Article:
Would baptism in the name of Jesus Christ ...?

So in my reading the baptism used in acts tends to be ‘be baptized all of you in the name of Jesus Christ’’… now seeing as Peter made a decision to use that, rather than a Trinitarian formula, would such a baptism be valid/licit? Why is this not used and why?

Baptism in the Name of Jesus Only

“In the name of Jesus” is a type - not a formula. More on that in a moment.

If a police officer shouts to a fleeing bank robber, “Stop in the name of the law!”, is he really only specifying the authority of one thing, "the law’?

Or is it really the authority of

  1. the specific code of law written by politicians,
  2. the police department who enforce the law,
  3. the entire criminal justice system

that the officer is asserting? It’s all of the above, right?

Catholics have been baptizing using the Trinitarian formula from the earliest days. There is a document of early Christian practices from about 50 AD called the DIDACHE (pronounced did-a-kay) that details how the early Christians baptized:

“In regard to baptism - baptize thus: After the foregoing instructions, baptize in the name of the Father, and of the Son, and of the Holy Spirit, in living water. If you have no living water, then baptize in other water; and if you are not able in cold, then in warm.”

The Didache is not inspired scripture, but it is a key piece of historical evidence about what the Church thought and did in the earliest days.

So why does this verse in Acts say we should be baptizing in Jesus’ name and not in the name of the Father, Son and Holy Spirit? It is made to offer a distinction from other baptisms that were occurring during the earliest days of Christianity. There were the baptisms done by followers of John the Baptist, baptisms done in Jewish liturgies, and baptisms done in pagan rituals. Here’s a verse speaking of “John’s Baptism”:

Acts 19:3
So Paul asked, “Then what baptism did you receive?” “John’s baptism,” they replied.

Paul specifically asks what type of baptism they had received. They had received “John’s Baptism”; they had not received the baptism of Jesus.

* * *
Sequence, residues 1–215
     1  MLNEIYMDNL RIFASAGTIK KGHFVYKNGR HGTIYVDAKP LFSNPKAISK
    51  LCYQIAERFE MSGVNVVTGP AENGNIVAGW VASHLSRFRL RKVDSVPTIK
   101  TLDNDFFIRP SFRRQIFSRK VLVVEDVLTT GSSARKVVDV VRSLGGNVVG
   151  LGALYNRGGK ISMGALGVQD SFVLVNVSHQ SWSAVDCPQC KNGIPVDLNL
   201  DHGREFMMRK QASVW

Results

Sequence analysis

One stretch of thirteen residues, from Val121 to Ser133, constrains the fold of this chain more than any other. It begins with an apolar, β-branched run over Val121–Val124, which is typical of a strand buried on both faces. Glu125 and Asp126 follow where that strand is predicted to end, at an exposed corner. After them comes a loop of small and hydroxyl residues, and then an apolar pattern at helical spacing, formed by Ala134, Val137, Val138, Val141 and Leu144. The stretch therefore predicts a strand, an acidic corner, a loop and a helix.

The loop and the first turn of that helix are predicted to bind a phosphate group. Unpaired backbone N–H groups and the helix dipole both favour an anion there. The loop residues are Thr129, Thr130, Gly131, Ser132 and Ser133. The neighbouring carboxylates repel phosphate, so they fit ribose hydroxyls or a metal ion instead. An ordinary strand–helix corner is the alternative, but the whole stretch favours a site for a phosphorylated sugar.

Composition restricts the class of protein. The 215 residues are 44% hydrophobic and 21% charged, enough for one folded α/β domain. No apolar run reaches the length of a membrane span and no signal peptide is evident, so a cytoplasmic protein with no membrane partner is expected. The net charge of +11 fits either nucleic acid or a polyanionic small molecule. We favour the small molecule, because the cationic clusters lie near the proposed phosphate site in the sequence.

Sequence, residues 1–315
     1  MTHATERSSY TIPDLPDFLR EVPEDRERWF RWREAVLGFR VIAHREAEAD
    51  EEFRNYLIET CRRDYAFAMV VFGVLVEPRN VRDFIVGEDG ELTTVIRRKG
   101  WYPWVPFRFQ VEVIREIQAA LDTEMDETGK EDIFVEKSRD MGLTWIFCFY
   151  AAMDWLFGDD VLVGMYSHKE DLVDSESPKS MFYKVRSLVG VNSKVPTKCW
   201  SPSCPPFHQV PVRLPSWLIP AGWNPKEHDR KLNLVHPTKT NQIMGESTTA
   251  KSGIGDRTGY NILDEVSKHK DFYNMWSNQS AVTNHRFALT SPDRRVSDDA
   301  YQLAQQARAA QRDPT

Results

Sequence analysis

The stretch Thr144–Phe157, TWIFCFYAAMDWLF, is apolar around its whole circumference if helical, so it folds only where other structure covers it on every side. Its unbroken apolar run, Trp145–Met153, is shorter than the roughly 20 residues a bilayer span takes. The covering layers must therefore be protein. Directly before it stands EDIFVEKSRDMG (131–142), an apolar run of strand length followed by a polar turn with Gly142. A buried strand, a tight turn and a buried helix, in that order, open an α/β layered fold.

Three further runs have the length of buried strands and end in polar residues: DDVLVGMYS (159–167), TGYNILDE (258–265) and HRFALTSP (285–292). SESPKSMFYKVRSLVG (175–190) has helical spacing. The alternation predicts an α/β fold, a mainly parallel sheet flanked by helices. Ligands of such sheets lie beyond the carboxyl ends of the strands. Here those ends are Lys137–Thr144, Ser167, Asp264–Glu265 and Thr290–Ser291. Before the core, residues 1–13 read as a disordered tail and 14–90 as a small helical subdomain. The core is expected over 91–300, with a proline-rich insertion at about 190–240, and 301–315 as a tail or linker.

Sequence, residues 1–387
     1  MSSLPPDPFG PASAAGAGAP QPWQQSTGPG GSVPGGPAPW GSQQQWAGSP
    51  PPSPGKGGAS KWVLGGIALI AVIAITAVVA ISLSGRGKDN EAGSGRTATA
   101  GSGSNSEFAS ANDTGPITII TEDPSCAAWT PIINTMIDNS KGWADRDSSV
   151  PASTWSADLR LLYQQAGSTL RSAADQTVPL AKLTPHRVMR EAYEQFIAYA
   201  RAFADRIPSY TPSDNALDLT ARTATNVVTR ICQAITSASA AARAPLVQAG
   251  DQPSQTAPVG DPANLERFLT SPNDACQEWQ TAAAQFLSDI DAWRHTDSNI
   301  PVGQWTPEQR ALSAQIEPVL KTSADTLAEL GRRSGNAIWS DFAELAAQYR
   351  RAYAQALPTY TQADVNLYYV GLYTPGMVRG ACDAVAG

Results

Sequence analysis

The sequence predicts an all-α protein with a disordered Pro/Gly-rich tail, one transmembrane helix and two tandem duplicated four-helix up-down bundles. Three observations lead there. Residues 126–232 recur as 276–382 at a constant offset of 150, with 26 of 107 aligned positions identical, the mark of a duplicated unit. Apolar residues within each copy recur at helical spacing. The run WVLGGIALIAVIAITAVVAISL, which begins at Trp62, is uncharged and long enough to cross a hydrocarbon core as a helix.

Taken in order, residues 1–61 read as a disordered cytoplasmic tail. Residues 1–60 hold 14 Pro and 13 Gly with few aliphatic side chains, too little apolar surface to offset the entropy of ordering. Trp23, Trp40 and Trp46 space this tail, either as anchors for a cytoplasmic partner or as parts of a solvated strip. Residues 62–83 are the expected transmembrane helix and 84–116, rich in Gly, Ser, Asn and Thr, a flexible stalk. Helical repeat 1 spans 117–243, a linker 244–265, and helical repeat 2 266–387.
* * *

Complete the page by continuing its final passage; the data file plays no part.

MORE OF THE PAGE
By proclaiming baptisms be done “in the name of Jesus Christ”, the inspired author of Acts was merely attempting to disassociate ourselves from the baptisms done by other sects. It was not an instruction on how to baptize.

Ok that makes a lot of sense and answers my question… the distinction between type and formula is key… Thanks for the response!

Baptism in the name of Jesus is a TYPE of Baptism - Christian Baptism. There were other types of baptism and ritual washings, such as the baptism of John. These were not Christian Baptisms. Nobody in the Bible was ever baptized using the words, “I baptize you in the name of the Lord Jesus.”

The form (words) of Baptism must use the full Trinitarian words: I Baptize you in the name of the Father, and of the Son, and of the Holy Spirit (or something very similar - some say Holy Ghost).

Any baptism which does not use the Trinitarian form is not valid Christian Baptism.

Most protestants accept this as well. The only denominations that I know of that do not use the Trinitarian form are certain Pentecostals (an especially flawed branch of protestantism). Heck, even the Mormons use the Trinitarian form.

Mormons may use the formula, but we all know that they do not believe in the Trinity and therefore their baptisms are not valid. What is unfortunately happening in some protestant denominations now is the fad of baptizing ,“In the Name of the Creator, and of the Redeemer and of the Sanctifier” which the Church has ruled invalid. Slightly off topic, but I think that this is a great argument for conditionally baptizing all converts from protestantism, perhaps with the exception of “high church” type Anglicans.

Oneness Pentacostal groups baptize “in the Name of Jesus” only. They do not believe in the trinity and their baptisms are not valid either.

You do not know what *formula *Peter used.


Christ himself established the words of baptism.

I think baptism in the name of Jesus is what Jehovah’s witnesses do, and some Christian churches — I suspect the Catholic church among them — do not recognize their baptisms, partly because they are considered to be doing them in an invalid way.

John the Baptist was baptized while in the womb of Elizabeth when the Holy Spirit entered her upon hearing the voice of Mary.

From living in the Bible Belt, I assure you that a lot of “nondenominational” Christians practice baptism “in Jesus name”. Not surprising, honestly. I also know of many people who don’t believe Jesus is God, but rather a Jewish carpenter who just happened to be “God’s son” and died on our behalf … Very sad to see that even the common ground among Christians, the belief in the Holy Trinity, is crumbling. Pray for the conversion of heretics.

Glory be to the Father, to the Son, and to the Holy Spirit +, as it was in the beginning, is now, and ever shall be, world without end, amen.

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